“We don’t have solid data showing divorce is on the rise, but media reports that divorce rates are rising in China and in Russia after lockdowns there led us to come up with this service,” he added.
While the firm is marketing the apartments in a tongue-in-cheek fashion, the service has also attracted users facing serious problems, including a woman fleeing domestic violence.
The company has about 500 units around the country, mainly in central Tokyo, and a fall in tourism means many are empty, though demand for remote offices for telework is helping offset the impact.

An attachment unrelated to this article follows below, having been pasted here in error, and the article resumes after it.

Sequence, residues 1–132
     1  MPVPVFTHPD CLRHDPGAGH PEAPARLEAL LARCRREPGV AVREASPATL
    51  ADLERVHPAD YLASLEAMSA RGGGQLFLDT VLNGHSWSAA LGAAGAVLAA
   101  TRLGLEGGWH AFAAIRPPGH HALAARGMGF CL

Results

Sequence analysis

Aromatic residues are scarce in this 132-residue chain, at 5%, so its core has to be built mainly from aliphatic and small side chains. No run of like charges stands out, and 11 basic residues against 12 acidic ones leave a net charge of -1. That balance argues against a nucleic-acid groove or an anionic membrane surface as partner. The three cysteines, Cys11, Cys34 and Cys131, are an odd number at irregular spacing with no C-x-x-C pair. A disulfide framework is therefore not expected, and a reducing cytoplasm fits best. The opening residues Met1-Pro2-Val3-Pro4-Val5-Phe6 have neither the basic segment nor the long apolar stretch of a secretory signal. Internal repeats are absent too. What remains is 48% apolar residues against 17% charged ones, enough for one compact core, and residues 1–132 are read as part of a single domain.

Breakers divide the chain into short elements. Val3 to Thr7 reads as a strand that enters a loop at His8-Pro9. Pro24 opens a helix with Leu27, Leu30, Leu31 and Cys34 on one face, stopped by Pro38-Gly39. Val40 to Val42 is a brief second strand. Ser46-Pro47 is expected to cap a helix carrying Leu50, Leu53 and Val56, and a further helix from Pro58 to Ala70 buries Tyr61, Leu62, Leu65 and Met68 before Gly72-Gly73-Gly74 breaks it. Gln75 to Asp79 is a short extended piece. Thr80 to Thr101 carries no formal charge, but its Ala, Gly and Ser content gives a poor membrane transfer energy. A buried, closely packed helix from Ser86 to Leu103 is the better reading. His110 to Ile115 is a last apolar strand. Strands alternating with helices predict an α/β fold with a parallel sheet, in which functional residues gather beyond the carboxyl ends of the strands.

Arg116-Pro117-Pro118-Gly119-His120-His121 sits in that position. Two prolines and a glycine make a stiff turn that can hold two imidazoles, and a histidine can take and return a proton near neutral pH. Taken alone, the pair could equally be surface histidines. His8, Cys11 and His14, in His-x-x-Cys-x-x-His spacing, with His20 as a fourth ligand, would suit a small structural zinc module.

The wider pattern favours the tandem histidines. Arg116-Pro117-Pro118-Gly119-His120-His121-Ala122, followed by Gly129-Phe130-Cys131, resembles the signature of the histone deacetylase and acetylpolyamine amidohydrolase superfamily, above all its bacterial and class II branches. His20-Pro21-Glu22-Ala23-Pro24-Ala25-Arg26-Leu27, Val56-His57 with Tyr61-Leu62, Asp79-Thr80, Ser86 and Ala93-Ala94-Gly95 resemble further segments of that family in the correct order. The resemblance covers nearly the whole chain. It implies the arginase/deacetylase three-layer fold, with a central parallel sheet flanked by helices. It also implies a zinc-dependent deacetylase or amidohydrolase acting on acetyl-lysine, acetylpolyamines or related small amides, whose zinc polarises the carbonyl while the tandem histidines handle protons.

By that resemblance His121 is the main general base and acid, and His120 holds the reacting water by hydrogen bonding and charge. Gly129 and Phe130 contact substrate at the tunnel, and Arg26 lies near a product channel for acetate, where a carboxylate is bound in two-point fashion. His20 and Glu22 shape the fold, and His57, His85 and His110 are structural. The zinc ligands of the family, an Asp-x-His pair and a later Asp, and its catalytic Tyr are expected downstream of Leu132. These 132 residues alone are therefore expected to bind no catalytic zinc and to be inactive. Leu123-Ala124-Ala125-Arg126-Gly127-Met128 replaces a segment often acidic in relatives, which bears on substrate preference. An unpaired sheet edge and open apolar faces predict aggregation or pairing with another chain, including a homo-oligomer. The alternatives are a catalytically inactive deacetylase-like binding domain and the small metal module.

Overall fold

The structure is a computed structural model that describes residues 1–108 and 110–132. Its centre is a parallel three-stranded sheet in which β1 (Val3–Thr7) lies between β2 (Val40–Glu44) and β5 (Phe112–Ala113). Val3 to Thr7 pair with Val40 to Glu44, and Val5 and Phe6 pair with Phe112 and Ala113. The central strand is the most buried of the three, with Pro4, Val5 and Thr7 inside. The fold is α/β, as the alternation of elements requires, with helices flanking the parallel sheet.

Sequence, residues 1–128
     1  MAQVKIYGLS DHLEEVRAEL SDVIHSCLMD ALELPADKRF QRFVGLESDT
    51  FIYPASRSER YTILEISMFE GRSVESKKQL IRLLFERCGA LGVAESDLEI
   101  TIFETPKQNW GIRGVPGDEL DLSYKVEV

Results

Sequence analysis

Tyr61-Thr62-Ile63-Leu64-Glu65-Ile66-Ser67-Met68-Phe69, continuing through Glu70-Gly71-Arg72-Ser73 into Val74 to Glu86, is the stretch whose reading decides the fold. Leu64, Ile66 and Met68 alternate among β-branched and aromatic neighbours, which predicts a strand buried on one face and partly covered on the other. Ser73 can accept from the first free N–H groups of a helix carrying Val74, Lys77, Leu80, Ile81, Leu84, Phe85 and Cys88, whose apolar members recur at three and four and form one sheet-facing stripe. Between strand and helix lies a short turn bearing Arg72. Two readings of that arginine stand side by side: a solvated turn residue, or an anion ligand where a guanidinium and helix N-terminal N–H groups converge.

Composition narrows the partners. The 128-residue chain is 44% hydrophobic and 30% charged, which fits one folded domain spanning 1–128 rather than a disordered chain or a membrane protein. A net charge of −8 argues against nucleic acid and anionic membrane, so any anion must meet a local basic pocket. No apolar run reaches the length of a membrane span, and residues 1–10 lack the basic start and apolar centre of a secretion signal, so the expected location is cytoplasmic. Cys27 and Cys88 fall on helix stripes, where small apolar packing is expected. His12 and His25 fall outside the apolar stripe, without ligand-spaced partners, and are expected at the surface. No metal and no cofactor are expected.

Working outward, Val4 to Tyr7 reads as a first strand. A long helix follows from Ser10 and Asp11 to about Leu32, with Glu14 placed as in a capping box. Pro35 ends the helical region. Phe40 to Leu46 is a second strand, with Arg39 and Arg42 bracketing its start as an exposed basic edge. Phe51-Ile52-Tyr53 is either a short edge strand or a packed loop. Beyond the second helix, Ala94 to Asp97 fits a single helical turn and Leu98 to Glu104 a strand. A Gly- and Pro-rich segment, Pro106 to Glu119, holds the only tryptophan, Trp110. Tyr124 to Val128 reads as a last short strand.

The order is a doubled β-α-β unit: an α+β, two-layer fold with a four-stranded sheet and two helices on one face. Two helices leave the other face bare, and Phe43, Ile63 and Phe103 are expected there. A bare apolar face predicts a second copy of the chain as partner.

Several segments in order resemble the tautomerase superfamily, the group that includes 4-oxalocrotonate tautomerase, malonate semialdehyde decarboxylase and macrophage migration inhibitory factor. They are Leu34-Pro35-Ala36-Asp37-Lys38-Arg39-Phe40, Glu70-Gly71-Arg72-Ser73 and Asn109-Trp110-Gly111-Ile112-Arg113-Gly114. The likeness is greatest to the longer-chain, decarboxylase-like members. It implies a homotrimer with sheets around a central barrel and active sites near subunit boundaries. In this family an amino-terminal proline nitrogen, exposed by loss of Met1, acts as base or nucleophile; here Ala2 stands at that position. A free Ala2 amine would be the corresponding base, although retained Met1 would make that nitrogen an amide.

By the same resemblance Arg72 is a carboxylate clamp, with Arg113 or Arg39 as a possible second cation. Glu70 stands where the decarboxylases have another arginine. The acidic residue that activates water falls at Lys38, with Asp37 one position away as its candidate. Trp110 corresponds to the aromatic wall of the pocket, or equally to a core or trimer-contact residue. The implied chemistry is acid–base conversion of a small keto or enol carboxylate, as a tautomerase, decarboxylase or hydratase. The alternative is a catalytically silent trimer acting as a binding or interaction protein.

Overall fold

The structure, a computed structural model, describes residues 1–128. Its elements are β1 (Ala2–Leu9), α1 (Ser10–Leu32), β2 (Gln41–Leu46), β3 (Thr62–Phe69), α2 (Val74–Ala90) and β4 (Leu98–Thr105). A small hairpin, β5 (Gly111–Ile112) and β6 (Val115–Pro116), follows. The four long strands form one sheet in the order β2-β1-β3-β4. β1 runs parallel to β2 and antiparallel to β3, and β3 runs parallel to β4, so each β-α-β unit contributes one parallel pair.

The firm’s campaign comes as the hashtag “corona-divorce” has trended on Japanese Twitter. Public broadcaster NHK is devoting part of its breakfast show to tips on avoiding potentially marriage-ending frustrations while stuck inside often cramped Japanese apartments.
Despite its highly-educated female population, Japan ranked 121 out of 153 countries in the World Economic Forum’s 2020 gender gap index, primarily because of its poor showing in political representation.
Traditional gender roles are deeply rooted in Japanese society and women are often still expected to take primary responsibility for childcare and domestic chores, even while holding down professional employment.